Get access

Fruit and vegetable consumption and cognitive decline in aging women

Authors

  • Jae H. Kang ScD,

    Corresponding author
    1. Channing Lab, Department of Medicine, Brigham and Women's Hospital, Harvard Medical School, Boston, MA
    • Channing Lab, 181 Longwood Ave., Boston, MA 02115
    Search for more papers by this author
  • Alberto Ascherio MD, DrPH,

    1. Channing Lab, Department of Medicine, Brigham and Women's Hospital, Harvard Medical School, Boston, MA
    2. Department of Epidemiology, Harvard School of Public Health, Boston, MA
    3. Department of Nutrition, Harvard School of Public Health, Boston, MA
    Search for more papers by this author
  • Francine Grodstein ScD

    1. Channing Lab, Department of Medicine, Brigham and Women's Hospital, Harvard Medical School, Boston, MA
    2. Department of Epidemiology, Harvard School of Public Health, Boston, MA
    Search for more papers by this author

Abstract

We prospectively examined fruit and vegetable intake in relation to cognitive function and decline among aging women. Participants were followed from in 1976 with biennial questionnaires, and food frequency questionnaires were administered in 1984, 1986, and every 4 years thereafter. From 1995 to 2001, we administered, by telephone, six cognitive tests measuring general cognition, verbal memory, category fluency, and working memory. We repeated assessments two years later for 13,388 women (>90% follow-up). We averaged dietary intakes from 1984 through the first cognitive assessment, and used linear regression to obtain multivariable-adjusted mean differences in performance and decline in performance across intake levels. Fruits were not associated with cognition or cognitive decline. However, total vegetable intake was significantly associated with less decline. Specifically, on a global score combining all tests, women in the highest quintile of cruciferous vegetables declined slower (by 0.04 unit; 95% confidence interval, 0.003, 0.07; p trend = 0.1) compared with the lowest quintile. Women consuming the most green leafy vegetables also experienced slower decline than women consuming the least amount (by 0.05 unit; 95% confidence interval, 0.02, 0.09; p trend < 0.001). These mean differences were equivalent to those observed for women about 1 to 2 years apart in age. Ann Neurol 2005;57:713–720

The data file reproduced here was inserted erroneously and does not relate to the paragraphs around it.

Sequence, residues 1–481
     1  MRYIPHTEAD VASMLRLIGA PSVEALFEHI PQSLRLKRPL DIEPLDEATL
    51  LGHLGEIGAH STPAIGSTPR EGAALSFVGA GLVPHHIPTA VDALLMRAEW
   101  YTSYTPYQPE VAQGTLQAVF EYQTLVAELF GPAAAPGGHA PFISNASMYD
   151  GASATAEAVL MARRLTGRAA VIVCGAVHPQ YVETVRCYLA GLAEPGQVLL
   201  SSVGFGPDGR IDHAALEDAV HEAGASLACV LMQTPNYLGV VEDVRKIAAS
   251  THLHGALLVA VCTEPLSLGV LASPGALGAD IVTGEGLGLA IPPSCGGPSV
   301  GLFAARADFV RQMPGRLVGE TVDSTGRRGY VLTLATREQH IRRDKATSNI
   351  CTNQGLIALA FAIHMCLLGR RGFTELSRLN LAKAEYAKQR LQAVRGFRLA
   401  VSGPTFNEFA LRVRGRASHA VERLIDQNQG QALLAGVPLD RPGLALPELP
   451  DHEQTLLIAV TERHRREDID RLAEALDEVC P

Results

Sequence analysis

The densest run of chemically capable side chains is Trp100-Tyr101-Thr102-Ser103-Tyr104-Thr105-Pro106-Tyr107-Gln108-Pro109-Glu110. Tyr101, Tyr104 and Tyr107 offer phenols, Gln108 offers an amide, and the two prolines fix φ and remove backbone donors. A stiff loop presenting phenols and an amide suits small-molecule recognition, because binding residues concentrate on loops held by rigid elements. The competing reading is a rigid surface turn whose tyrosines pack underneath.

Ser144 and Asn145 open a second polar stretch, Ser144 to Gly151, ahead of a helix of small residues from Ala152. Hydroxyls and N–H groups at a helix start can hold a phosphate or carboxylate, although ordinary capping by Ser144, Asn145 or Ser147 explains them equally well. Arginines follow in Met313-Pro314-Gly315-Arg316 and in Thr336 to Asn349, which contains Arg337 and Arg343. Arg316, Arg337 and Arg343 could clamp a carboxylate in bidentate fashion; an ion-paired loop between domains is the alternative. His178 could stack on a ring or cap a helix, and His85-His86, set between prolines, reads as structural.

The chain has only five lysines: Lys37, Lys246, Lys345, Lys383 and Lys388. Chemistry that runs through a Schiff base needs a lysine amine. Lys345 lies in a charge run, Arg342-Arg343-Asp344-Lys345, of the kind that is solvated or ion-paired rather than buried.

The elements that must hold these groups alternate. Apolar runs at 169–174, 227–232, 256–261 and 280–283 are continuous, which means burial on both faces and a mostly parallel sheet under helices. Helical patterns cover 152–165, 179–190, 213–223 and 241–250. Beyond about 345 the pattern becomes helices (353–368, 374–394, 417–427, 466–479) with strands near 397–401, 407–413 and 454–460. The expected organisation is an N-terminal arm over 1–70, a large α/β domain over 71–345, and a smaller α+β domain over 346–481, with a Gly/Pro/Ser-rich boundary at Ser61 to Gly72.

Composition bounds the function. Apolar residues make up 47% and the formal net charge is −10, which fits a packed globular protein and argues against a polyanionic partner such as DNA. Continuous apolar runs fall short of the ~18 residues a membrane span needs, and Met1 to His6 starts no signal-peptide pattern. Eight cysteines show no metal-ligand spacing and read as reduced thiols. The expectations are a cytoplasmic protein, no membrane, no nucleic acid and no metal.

Ancillary